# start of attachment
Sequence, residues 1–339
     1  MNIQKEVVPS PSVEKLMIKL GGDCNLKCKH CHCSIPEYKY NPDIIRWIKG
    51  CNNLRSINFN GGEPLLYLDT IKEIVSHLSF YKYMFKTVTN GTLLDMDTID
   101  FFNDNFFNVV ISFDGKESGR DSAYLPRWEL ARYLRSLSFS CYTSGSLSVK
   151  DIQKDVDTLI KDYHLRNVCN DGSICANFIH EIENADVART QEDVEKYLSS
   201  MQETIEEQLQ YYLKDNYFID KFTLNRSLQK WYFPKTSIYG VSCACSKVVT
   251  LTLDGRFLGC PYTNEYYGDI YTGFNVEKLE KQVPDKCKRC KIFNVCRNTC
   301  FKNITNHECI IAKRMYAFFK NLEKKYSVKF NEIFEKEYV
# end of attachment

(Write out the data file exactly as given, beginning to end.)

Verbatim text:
Sequence, residues 1–339
     1  MNIQKEVVPS PSVEKLMIKL GGDCNLKCKH CHCSIPEYKY NPDIIRWIKG
    51  CNNLRSINFN GGEPLLYLDT IKEIVSHLSF YKYMFKTVTN GTLLDMDTID
   101  FFNDNFFNVV ISFDGKESGR DSAYLPRWEL ARYLRSLSFS CYTSGSLSVK
   151  DIQKDVDTLI KDYHLRNVCN DGSICANFIH EIENADVART QEDVEKYLSS
   201  MQETIEEQLQ YYLKDNYFID KFTLNRSLQK WYFPKTSIYG VSCACSKVVT
   251  LTLDGRFLGC PYTNEYYGDI YTGFNVEKLE KQVPDKCKRC KIFNVCRNTC
   301  FKNITNHECI IAKRMYAFFK NLEKKYSVKF NEIFEKEYV